Loads of Learned Lumber

Saturday, May 22, 2010

Janet Malcolm, _Two Lives: Gertrude and Alice_

This, apparently, is my 100th post. I've been doing this about two years -- so that averages about once a week. Not bad, I guess.

This is the fourth book of Malcolm's I've read, I think, and while it doesn't supplant The Silent Woman as my favorite of hers, I gulped it down quickly and delightedly a couple of months ago.
It examines several aspects of the Stein-Toklas partnership, but is especially interested in (1) how two American Jewish lesbians managed to survive in Nazi-occupied France (an old friendship with an unusually slimy collaborateur helped), (2) how the genesis of the first Steinian masterpiece, The Making of Americans, intertwines with the inception of Stein's relationship with Toklas, and (3) how Stein fared after WW II, and Toklas after Stein's death.

Malcolm remains a master of the old Lillian Ross strategy of letting her interview subjects ramble on long enough to reveal themselves as nakedly as any Browning monologuist. As in The Silent Woman, In the Freud Archives, and The Purloined Clinic, she gets the leading scholars and researchers of the field to perform more entertainingly than most fictional characters. On stage in this book are the magnificently-named Ulla Dydo, who solved a key textual puzzle of Stanzas in Meditation during one of her dreams, and Leon Katz, privy to extraordinary revelations in a series of interviews with Toklas while he was but a Columbia doctoral in the 1950s, revelations which he has by and large kept to himself for the fifty-some years since.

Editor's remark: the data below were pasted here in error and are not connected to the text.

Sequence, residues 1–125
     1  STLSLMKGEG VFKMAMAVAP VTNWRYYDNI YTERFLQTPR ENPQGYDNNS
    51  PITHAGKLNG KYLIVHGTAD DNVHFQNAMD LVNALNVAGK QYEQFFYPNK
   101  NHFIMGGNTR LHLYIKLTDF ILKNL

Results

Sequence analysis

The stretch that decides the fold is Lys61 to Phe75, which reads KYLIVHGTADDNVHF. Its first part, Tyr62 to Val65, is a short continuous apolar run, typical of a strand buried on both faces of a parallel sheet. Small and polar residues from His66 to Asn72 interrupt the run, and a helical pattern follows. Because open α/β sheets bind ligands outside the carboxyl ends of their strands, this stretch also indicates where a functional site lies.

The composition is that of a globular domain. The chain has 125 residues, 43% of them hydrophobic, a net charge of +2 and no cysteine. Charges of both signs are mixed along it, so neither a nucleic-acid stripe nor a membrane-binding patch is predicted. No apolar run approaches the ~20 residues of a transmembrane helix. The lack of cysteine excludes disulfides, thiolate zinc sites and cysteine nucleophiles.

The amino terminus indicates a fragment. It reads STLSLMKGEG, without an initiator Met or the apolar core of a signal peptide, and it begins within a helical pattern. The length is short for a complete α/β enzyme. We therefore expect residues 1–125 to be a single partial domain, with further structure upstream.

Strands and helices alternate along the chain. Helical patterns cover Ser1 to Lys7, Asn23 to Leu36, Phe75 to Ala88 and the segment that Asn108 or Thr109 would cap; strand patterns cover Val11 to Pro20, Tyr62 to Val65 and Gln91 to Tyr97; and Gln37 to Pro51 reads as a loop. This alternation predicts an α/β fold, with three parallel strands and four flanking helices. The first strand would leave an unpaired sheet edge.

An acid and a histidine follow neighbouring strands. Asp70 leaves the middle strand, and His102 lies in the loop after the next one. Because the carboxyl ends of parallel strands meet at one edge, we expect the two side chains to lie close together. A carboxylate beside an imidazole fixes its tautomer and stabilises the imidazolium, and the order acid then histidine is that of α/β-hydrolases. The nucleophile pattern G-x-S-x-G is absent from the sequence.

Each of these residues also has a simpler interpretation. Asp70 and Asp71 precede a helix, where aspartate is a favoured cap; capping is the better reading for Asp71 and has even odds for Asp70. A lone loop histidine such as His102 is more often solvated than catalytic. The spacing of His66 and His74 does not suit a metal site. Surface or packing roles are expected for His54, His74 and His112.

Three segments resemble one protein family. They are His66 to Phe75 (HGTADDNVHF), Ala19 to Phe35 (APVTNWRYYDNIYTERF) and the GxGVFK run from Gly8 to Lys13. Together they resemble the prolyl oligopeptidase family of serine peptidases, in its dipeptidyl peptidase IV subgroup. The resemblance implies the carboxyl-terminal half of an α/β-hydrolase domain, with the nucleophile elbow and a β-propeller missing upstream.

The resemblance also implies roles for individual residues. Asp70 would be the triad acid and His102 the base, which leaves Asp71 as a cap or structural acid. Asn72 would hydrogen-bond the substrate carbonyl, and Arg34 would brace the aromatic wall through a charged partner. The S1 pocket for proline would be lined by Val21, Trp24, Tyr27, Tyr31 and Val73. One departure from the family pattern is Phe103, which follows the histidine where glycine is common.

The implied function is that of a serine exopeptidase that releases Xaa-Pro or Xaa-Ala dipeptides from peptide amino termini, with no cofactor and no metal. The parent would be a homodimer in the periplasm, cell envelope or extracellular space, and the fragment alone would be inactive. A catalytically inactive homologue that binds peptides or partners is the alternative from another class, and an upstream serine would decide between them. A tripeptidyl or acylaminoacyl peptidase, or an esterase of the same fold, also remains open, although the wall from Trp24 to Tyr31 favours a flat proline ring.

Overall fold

Neither Dydo nor Katz lets it all hang out quite so completely as Jeffrey Moussaleff Masson did in Freud Archives or Olwyn Hughes in Silent Woman, but one is left wondering, why does anyone ever consent to be interviewed by Janet Malcolm, knowing one is bound to end up trussed on a silver platter with an apple in one's mouth, done to a turn?

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